In Japanese and Korean the word for ‘human being’ translates as ‘human between’. The sense of self is looser in Asia than in the West, and more absorbent. It expands to include the various groups an individual is a member of. This brings a profound sense of responsibility for others that stirs deeply in those who feel suicidal.
In Japan, self-concept is so intensely enmeshed with roles that, according to Ozawa-de Silva, it’s common for people to introduce themselves with their job titles before their names. “Instead of saying, ‘Hi, I’m David,’ in Japan you say, ‘Hello, I’m Sony’s David,’” she says. “Even when you meet people at very informal parties.” In times of failure, the Japanese impulse to take professional roles this personally can be particularly deadly. “Suicide has been morally valorised for years or maybe centuries. It probably goes back to the Samurai.” Because people tend to view their company as their family, “a CEO could say, ‘I’ll take responsibility for the company,’ and take his life. That would probably be reported by the media as being a very honourable act,” says Ozawa-de Silva. In Japan – estimated to have the ninth-highest suicide rate in the world – in 2007 around two-thirds of all self-inflicted deaths were male. “In a patriarchal society of course it’s the father who takes responsibility.”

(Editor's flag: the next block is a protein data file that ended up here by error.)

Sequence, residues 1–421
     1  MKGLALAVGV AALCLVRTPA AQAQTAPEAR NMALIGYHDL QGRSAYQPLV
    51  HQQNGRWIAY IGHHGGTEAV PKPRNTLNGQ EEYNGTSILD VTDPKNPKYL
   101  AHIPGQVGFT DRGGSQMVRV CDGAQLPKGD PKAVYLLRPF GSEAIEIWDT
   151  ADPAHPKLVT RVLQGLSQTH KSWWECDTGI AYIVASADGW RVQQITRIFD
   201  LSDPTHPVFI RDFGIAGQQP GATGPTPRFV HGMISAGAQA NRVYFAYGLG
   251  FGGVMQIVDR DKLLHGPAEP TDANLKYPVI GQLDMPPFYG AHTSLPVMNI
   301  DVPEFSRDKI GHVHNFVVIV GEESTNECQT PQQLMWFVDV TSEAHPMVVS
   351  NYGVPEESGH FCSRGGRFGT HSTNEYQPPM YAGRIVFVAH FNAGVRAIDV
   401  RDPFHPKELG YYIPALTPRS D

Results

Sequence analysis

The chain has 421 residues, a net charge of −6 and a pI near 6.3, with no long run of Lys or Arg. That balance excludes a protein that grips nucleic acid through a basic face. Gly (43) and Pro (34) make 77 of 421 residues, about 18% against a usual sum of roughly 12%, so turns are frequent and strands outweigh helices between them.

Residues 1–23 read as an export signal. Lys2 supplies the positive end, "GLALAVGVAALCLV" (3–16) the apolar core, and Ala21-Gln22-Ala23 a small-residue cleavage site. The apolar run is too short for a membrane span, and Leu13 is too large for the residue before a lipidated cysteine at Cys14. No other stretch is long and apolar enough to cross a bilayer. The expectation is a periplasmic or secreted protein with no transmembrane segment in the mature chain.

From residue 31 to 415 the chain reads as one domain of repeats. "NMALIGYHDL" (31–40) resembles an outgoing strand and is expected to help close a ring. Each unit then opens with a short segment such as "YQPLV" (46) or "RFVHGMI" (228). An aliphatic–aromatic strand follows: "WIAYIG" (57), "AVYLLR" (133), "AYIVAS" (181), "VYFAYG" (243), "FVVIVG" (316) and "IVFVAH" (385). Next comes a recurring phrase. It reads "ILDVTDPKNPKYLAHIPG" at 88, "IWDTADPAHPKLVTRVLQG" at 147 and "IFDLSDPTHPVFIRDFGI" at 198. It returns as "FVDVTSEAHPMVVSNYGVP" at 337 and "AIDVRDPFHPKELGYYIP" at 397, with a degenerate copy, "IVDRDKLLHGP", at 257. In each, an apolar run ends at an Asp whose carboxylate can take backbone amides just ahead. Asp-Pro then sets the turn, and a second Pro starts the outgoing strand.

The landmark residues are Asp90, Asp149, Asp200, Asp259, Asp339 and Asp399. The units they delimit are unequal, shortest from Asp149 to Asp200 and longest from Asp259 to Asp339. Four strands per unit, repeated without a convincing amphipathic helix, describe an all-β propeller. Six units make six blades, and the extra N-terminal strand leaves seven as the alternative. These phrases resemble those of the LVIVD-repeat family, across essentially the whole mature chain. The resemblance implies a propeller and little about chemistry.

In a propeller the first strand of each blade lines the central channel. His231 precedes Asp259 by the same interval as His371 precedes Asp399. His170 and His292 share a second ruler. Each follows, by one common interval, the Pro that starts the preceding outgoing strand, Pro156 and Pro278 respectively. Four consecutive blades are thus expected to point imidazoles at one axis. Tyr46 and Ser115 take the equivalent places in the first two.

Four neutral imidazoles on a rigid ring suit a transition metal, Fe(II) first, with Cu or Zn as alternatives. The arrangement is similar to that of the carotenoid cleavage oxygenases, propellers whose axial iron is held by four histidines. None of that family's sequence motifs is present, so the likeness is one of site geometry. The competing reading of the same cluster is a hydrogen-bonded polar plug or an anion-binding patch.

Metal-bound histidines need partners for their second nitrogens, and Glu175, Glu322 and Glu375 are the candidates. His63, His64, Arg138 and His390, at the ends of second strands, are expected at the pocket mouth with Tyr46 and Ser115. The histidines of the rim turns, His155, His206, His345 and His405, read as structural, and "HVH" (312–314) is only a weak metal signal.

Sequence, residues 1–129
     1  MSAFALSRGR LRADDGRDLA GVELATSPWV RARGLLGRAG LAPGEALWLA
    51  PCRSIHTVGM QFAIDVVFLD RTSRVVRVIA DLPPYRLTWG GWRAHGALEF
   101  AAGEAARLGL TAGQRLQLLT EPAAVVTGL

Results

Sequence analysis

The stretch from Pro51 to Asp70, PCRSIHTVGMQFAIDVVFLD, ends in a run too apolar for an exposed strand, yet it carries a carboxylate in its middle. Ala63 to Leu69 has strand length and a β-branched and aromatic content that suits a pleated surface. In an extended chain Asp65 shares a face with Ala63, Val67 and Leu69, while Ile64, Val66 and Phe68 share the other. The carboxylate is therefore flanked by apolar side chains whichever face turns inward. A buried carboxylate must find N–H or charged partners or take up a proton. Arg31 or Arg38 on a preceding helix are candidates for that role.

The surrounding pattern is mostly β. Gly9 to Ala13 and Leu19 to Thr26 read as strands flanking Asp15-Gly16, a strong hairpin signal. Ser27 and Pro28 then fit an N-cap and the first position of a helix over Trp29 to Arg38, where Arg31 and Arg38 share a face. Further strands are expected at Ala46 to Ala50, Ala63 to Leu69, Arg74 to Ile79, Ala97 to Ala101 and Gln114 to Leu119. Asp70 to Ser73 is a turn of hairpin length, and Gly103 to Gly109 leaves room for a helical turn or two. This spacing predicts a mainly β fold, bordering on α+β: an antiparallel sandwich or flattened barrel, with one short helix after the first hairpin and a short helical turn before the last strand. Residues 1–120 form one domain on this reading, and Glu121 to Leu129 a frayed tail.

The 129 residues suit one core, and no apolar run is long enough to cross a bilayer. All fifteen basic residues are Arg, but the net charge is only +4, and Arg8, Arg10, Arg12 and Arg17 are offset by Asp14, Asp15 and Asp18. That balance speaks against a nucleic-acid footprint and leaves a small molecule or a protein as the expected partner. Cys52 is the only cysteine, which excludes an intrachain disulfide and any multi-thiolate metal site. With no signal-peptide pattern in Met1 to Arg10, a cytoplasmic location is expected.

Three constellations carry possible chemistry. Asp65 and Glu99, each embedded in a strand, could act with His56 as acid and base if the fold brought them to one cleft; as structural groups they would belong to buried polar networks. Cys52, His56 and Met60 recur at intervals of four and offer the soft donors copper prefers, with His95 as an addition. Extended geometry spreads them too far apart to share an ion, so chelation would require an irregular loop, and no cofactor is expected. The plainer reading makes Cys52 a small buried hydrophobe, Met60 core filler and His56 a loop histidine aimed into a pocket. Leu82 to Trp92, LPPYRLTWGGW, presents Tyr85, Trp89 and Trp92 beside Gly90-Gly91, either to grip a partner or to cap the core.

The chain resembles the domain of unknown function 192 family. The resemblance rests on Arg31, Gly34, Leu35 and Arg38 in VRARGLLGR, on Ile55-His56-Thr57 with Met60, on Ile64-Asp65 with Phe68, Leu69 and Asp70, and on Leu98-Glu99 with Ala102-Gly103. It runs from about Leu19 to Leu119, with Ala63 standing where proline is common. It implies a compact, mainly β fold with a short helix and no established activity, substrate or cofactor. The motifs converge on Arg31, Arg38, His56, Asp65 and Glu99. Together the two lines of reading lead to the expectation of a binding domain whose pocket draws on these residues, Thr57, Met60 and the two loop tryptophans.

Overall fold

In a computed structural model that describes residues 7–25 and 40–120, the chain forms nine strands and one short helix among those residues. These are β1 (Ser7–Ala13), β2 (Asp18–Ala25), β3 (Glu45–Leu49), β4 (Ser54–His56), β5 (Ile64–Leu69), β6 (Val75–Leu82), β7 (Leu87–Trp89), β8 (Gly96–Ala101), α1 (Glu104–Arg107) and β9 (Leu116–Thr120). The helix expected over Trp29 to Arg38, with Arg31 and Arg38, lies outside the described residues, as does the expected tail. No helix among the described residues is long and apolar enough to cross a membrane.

From having one of the highest rates of suicide in the world in 1990, China now has among the lowest. Last year, a team led by Paul Yip, at the Centre for Suicide Research and Prevention at the University of Hong Kong, found that the suicide rate had dropped from 23.2 per 100,000 people in the late 1990s to 9.8 per 100,000 in 2009–11. This astonishing 58 per cent drop comes at a time of great movements from the countryside to the city, of just the same kind that South Korea saw in the recent past. And yet, apparently, with the opposite effect. How can this be so?